An accident in 1916 that involved him being dragged along by a moving train took a serious toll on French's health. Contrary to the wishes of his family and friends, he maintained his old regime and in the winter of 1920 set out on a tour of Scotland. It would be his final act. Having contracted pneumonia, Percy French died in Formby, Lancashire on January 24, 1920.

Many Northern Irish communities can lay claim to Percy French for one reason or another. As Brendan O'Dowda attests in his book The World of Percy French, during the course of French's many tours, 'No city, town, village or parish was left unvisited'. And yet there is one place in particular that will forever remain an integral part of the Percy French story: the Mountains of Mourne.

Of the many songs that French penned, 'The Mountains o' Mourne' is the most well-known. At turns funny and insightful, it paints an ironic picture of London in which French could not feel entirely at ease; a world at odds with the agrarian simplicity of French's beloved Ireland.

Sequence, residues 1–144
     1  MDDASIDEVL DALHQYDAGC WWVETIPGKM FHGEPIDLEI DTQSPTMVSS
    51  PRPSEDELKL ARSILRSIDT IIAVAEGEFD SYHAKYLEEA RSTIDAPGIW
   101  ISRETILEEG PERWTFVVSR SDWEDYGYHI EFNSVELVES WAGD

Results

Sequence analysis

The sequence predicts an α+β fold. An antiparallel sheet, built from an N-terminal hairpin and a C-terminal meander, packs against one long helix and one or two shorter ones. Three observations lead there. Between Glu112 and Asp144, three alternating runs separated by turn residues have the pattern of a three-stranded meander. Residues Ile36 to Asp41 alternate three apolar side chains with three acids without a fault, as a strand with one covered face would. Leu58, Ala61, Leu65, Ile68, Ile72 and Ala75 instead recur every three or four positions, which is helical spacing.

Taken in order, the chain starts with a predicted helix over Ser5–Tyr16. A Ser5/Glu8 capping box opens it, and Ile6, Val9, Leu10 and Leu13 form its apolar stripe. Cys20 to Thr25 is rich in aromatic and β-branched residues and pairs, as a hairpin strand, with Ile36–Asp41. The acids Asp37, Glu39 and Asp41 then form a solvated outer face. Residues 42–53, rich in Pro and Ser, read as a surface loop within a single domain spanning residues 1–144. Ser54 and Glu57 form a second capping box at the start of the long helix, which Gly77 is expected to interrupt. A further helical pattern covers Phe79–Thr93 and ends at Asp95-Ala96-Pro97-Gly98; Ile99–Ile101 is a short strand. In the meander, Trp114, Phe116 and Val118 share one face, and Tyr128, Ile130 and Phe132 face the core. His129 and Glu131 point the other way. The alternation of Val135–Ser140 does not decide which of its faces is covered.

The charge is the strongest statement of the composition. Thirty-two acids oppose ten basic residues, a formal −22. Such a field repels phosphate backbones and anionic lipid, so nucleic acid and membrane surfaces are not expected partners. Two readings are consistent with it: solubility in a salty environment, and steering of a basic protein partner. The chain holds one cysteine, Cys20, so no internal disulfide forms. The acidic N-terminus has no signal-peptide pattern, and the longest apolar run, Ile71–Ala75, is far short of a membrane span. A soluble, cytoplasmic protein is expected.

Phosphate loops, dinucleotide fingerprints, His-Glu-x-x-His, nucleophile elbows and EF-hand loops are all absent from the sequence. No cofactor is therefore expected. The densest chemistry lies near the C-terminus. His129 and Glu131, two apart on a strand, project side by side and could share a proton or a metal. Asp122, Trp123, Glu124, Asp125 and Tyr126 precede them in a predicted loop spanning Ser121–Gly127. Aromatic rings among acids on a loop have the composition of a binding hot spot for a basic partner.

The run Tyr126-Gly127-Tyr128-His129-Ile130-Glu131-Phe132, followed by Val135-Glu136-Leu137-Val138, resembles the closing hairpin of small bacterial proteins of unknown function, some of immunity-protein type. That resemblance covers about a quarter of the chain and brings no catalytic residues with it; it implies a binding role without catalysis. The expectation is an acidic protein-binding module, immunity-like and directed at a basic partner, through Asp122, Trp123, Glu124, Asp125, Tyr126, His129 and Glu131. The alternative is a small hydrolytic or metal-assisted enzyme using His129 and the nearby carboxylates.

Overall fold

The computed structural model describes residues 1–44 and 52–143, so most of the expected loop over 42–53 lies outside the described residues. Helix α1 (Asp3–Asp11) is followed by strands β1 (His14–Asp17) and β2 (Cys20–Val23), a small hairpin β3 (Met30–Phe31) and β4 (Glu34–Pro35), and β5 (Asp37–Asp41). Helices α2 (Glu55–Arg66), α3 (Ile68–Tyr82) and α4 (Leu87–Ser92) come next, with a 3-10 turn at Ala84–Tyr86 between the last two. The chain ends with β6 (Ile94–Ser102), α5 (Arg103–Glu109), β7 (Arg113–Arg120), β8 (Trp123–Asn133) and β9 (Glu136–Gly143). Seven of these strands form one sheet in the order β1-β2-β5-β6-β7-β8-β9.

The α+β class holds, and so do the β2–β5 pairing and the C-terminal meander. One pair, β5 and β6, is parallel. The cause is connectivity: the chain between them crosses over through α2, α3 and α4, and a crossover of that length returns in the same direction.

The Mountains o' Mourne

Oh, Mary this London's a wonderful sight,
Wid the people here workin' by day and by night.
They don't sow potatoes, nor barley, nor wheat,
But there's gangs of them digging for gold in the street.
At least when I asked them that's what I was told,
So I just took a hand at this digging for gold.
But for all that I found there I might as well be,
Where the Mountains o' Mourne sweep down to the sea.

I believe that, when writin', a wish you expressed
As to how the fine ladies in London were dressed.
Well, if you'll believe me, when asked to a ball,
They don't wear a top to their dresses at all!
O, I've seen them meself, and you could not, in throth,
Say if they were bound for a ball or a bath -
Don't be startin' them fashions now, Mary Machree,
Where the Mountains o' Mourne sweep down to the sea.

I seen England's King from the top of a 'bus -
I never knew him, though he means to know us:
And though by the Saxon we once were oppressed,
Still, I cheered - God forgive me - I cheered wid the rest.
And now that he's visited Erin's green shore,
We'll be much better friends than we've been heretofore,
When we've got all we want, we're as quiet as can be,
Where the Mountains o' Mourne sweep down to the sea.